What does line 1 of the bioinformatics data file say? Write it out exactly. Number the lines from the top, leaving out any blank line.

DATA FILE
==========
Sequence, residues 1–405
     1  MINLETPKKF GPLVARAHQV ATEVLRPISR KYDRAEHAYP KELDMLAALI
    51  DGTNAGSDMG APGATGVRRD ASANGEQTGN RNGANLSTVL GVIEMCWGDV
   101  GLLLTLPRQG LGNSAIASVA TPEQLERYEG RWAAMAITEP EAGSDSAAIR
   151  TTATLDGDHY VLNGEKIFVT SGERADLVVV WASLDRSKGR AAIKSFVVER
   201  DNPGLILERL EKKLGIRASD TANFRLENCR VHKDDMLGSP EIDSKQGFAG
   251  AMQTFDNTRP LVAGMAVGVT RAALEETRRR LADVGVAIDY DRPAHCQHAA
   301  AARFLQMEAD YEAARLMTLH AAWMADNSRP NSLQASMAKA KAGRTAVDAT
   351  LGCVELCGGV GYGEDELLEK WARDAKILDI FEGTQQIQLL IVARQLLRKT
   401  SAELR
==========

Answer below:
Sequence, residues 1–405